However, things didn’t always look positive with Brandon Novak and his Mother, when a couple of years ago his Mom went to see a Priest with a prayer that would forever haunt the back of Brandon’s mind. “My Mother went to a church and talked to Father Mike. Father Mike asked how I was doing, and my Mother said that I’ve never been worse, so she went to God with a prayer. She said, it’s simple: Cure him, kill him, or kill me.” On that day, Father Mike told her, “God has a plan for Brandon, and you don’t know what it is, and neither do I.”
Wash, Rinse, Repeat
Novak explains that he tried everything to get sober, “I was horrible at suicide because I kept waking up. The only thing I never did to get another bag was homicide. I was willing to do what I had to do in the beginning, and then I’d get a shower, a few meals under me, and send a letter home. I’d equate that to ten more dollars and then it was wash, rinse, repeat.” However, once the clean time under his belt showed itself to the other’s around him and the accolades started to pour in, Novak admitted that he would take authority for his clean time.
“I have selective memory when It plays in favor of my alcoholism. I would tell myself I was the almighty and my delusional alcoholic brain would minimize the road that my disease takes me down.” He divulges, “I suffer from a fatal disease that tell’s me I don’t have a disease on a daily basis. Left to my own devices, I will get up from this interview and go to the pub and have a glass of wine because I’m convinced that I don’t have a disease.”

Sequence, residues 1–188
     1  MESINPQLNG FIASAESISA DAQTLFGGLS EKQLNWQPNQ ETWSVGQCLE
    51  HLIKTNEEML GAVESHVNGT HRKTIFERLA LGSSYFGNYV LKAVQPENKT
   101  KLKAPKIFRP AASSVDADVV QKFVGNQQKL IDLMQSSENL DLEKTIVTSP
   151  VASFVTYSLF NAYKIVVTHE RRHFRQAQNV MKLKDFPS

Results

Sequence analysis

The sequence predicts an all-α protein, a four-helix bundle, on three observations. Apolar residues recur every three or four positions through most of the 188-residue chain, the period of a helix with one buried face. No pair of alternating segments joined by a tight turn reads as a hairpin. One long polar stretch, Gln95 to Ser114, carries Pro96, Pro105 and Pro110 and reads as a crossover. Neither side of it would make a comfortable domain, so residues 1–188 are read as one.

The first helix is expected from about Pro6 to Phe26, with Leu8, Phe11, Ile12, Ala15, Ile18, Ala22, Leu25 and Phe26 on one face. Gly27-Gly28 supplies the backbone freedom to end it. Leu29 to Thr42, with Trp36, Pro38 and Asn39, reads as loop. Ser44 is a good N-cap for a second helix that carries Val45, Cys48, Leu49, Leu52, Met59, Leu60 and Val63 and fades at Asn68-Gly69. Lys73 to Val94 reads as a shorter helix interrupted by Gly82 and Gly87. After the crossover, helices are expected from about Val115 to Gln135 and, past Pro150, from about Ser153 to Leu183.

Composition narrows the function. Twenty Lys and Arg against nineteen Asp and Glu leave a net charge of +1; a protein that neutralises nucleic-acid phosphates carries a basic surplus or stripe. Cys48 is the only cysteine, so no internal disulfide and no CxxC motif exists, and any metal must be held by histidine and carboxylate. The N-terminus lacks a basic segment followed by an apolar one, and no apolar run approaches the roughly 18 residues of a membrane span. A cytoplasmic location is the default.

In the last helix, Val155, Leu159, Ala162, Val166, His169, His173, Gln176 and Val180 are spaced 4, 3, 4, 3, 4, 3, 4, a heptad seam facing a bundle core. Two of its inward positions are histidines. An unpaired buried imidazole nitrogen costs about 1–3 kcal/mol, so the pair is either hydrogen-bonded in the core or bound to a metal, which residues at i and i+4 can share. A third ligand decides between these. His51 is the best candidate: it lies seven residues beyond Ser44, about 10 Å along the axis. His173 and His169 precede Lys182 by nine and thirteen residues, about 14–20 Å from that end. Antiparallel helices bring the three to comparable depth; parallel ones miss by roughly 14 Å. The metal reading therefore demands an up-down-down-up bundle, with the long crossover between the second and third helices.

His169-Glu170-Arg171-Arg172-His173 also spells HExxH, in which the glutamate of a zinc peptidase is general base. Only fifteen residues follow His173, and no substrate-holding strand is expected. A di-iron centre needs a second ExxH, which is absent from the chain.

“If Justice Was Due, I’d Be Dead Years Ago.”
Today, Brandon credits, his newfound sobriety to his higher power and the other’s around him. “I didn’t work hard for my seat. My mother did, my employers, my friends, and God. If justice was due I’d be dead years ago. My favorite thing is seeing those relationships mended. Today, it’s simple, I show up. I’m not powerful enough to rid this obsession that I had for years. This was the last house on the block and I just had to get out of my own way,” he says.
There’s no doubt that Novak got out of his own way because today, he is employable, has a schedule, and has over three years of continuous sobriety, and just bought his own home. Describing what he does on a daily basis, he adds, “I suffer from a disease that is called alcoholism not ‘alcohol-wasm.’ I wake up, I make my bed immediately. I get on my knees and I pray, and I meditate for 10 minutes and I have a cup of tea and I process things.
Releasing a new book, and working with Banyan treatment center, Brandon Novak lives a low key life in Philadelphia. “I help whoever, however, whenever,” he notes. “People call me and they say, ‘Novak, if you can get clean there is no reason why I can’t. Can you help me?’ If I can use who I was prior to sobriety to get through to the people that can’t see past that bag bottle or pill because they’ve built a wall up that I’ve done and can allow them to become open and receptive to me, then my defects have became my assets.”
Check out the live interview with Brandon Novak here.